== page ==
-- A classic book transformed by a philosopher at his strongest --Reviews of the first edition:'Painstaking, comprehensive and unimpassioned.' Anthony Kenny, New Statesman'Bold, tough, direct style ... a pleasure to read.' Mary Warnock, Times Literary
"synopsis" may belong to another edition of this title.
Ted Honderich is the Grote Professor Emeritus of the Philosophy of Mind and Logic at University College London and the author of many books.Review:
This book would be invaluable for anyone who wants to start thinking seriously about what justifies punishment, not only because it surveys a high proportion of the classical literature but because it connects theories in broad yet subtle ways. It adroitly anticipates the reader's objections. It combines impressive breath with meticulous dissection of ideas. Its conclusion is refreshingly iconoclastic. It contains wit and a healthy contempt for politicians. -- Metapsychology This book is something of a curiosity, an application of the reputedly nitpicking techniques of British analytical philosophy to a question of real practical importance which can easily be recognised as such. Honderich does emphasis that we cannot look at punishments in the abstract without considering the substantive laws (of property in particular) which they are intended to protect. He says, obviously rightly, that the greatest enthusiasts for punishments are believers in immutable property rights and is properly scathing about Nozick, the American rights theorist about whom Bentham's expression 'nonsense on stilts' might have been coined. -- Rory O'Kelly, Chartist Sir Isaiah Berlin's...essays...amount to more than intellectual history...The new book on punishment by Ted Honderich seems to me a very good example of philosophy in the midst of recovery -- Norman Care, The New Republic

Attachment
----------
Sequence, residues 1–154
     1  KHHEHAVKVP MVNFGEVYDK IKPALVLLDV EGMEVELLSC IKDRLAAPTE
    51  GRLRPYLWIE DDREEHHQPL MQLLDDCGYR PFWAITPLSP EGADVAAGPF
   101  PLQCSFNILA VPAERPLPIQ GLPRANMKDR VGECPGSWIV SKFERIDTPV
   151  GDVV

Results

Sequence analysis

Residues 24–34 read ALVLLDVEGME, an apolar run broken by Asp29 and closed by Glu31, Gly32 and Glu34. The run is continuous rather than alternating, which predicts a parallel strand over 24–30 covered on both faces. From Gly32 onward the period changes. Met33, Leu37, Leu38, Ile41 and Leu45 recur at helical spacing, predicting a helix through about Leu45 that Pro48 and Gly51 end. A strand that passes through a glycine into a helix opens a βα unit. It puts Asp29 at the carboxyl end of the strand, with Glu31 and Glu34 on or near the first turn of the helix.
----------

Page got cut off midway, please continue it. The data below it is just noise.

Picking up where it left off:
"About this title" may belong to another edition of this title.
Book Description Penguin Books Ltd, 1976. Paperback. Book Condition: New. book. Bookseller Inventory # 140550968